When you ask an Indian a question, invariably they will answer with a head wobble. The head wobble is a cross between a nod and a shake (somewhat like a figure 8) and it can mean yes, no, it’s over there, who knows, who cares, or I don’t speak English. If it is a man, the head wobble is often followed by a penis adjustment and a spit of red chewing tobacco.
We needed a rest from our steady diet of sensory overload and settled ourselves on the beach in a three-sided bamboo tree house (minus the tree) facing the Arabian Sea, and beside another open air restaurant. We asked the man if it was quiet there. When he responded with a head wobble, we took our chances, but it looked like an awesome and unique place to stay and the price was right ($6.00 each a night). The beach scene was more ‘touristy’ than ‘traveler’, but was a welcomed break anyway as we lounged on chairs and swam in the surf. Women in brightly coloured Saries cruised up and down the strip, persistently beseeching us to look at their ‘shop’ as they stretched out slim arms laden with bracelets and other finery for sale. It was hard to resist their big, brown eyes that tugged on our western guilt at having had the good fortune to be born in a place as wonderful as Canada.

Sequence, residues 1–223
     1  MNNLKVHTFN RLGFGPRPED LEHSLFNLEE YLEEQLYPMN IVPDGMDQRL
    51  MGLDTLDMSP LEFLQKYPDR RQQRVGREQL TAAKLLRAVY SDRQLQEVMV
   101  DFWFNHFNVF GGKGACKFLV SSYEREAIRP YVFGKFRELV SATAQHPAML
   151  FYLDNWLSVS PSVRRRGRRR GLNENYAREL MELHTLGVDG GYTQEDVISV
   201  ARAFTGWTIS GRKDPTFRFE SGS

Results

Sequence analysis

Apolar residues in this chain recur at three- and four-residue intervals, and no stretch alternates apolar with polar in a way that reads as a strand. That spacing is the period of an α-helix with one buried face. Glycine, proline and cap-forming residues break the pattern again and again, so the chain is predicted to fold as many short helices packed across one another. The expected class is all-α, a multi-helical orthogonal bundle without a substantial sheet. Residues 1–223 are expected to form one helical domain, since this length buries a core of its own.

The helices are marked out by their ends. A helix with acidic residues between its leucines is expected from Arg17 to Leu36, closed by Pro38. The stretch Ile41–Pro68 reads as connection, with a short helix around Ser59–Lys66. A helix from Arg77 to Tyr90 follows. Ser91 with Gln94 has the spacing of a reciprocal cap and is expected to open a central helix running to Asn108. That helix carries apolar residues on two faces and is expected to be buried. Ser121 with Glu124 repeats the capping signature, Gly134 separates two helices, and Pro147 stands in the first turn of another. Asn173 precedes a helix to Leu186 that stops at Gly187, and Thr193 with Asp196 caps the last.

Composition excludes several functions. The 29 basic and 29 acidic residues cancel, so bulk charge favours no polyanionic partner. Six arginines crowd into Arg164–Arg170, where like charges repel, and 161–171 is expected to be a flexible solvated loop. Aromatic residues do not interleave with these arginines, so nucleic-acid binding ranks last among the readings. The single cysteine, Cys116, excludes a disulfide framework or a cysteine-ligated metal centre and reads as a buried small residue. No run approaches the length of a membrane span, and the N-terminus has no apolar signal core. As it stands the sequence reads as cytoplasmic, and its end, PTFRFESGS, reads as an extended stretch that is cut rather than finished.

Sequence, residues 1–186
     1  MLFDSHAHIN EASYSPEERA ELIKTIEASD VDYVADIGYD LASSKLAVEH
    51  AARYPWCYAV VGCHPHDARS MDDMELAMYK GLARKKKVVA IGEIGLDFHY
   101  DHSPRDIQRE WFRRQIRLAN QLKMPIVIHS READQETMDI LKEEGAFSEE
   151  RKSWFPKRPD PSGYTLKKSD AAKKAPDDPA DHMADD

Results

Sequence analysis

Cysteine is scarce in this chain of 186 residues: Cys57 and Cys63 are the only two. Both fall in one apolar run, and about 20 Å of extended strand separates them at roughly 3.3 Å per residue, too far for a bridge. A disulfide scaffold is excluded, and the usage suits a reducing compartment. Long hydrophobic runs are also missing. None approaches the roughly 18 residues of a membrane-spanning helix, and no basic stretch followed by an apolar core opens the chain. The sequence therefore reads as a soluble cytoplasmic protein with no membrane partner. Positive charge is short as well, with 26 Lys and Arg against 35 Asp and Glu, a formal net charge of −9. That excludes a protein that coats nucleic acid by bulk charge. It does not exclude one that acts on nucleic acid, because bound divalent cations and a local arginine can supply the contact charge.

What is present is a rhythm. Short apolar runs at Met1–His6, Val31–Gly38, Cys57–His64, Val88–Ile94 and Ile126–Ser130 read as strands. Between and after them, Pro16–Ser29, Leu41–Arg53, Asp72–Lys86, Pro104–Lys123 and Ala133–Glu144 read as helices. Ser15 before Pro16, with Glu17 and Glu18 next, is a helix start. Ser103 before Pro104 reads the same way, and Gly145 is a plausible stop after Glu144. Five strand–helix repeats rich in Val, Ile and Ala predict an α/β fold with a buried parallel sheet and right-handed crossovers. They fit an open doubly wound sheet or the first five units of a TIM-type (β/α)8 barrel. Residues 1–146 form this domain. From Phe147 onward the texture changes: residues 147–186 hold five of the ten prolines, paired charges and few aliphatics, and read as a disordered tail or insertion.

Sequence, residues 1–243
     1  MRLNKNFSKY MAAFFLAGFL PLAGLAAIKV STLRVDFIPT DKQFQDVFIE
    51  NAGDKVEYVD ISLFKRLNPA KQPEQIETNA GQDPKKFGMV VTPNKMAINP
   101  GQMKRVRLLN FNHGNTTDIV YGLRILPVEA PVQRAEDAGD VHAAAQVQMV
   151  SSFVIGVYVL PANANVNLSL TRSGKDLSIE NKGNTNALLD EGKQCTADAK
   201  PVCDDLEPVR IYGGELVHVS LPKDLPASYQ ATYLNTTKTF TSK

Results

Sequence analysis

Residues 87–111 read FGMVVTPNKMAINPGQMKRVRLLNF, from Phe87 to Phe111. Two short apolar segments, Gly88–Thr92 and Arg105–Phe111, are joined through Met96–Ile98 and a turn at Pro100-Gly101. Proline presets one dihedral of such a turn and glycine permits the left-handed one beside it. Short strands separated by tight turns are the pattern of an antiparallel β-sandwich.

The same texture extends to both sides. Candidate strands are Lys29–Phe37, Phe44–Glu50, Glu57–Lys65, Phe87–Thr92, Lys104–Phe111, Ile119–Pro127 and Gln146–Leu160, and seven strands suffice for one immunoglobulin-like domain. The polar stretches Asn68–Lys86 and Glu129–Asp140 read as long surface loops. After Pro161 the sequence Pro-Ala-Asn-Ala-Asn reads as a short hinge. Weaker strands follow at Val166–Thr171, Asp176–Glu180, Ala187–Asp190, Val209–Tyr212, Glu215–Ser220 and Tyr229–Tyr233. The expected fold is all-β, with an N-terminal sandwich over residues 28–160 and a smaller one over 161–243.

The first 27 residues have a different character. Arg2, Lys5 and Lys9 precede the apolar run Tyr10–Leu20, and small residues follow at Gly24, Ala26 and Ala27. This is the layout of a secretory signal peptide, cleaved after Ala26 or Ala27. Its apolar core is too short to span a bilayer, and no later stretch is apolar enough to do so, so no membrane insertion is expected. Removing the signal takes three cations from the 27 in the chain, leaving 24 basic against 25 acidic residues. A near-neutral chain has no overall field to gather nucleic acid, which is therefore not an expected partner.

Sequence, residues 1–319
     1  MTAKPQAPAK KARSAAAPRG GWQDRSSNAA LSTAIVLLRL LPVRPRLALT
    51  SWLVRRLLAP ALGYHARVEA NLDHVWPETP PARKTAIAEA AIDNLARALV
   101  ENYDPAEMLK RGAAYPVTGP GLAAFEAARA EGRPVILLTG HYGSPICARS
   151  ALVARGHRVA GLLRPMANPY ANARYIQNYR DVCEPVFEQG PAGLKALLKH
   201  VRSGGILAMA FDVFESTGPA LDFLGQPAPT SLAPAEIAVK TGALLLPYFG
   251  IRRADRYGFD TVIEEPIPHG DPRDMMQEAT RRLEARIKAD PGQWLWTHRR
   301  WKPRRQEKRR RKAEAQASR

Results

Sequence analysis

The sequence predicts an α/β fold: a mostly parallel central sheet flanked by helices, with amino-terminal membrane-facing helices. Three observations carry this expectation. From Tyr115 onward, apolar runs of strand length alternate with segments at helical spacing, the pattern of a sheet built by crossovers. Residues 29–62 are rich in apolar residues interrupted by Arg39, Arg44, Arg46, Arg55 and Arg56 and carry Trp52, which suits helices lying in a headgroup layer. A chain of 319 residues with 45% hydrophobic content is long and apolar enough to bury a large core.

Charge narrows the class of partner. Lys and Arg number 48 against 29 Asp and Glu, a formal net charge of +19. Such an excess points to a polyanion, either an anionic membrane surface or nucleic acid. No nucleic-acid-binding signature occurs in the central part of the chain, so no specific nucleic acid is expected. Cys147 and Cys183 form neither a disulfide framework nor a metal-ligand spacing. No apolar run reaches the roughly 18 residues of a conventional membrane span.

India is a country of extremes. Whatever can be said about it, the opposite is also true. I know that statement has merit everywhere, but it feels more acute in India with the stark contrast between the rich and the poor (poor in Canada is not like poor in India), the karmically devout and the swindlers, the gentleness and the cruelty, the beautiful and the ugly, the chaos and the calm, the list goes on. But by and large, while many faces are etched with hardship and creased by the sun, they generally seem a happy and carefree people. Whole families will toodle around town on scooters with toddlers between dad’s legs and mom sitting sidesaddle with a sleeping baby in her arms. They are programmed from infancy to sleep through anything and everything.
Unfortunately the same cannot be said for us and we have had our fill of the base thumping music on the beach that blares day and night. We are as rested as we are going to get, and so, with ears ringing, we are ready to move on. Tomorrow we will take a 12 hour overnight sleeper bus inland to Hampi. Maybe in the splendid ruins of the far past we will find a measure of quiet in the present. I asked a local woman who was raised there if Hampi was a peaceful place. She answered with a head wobble. Of course.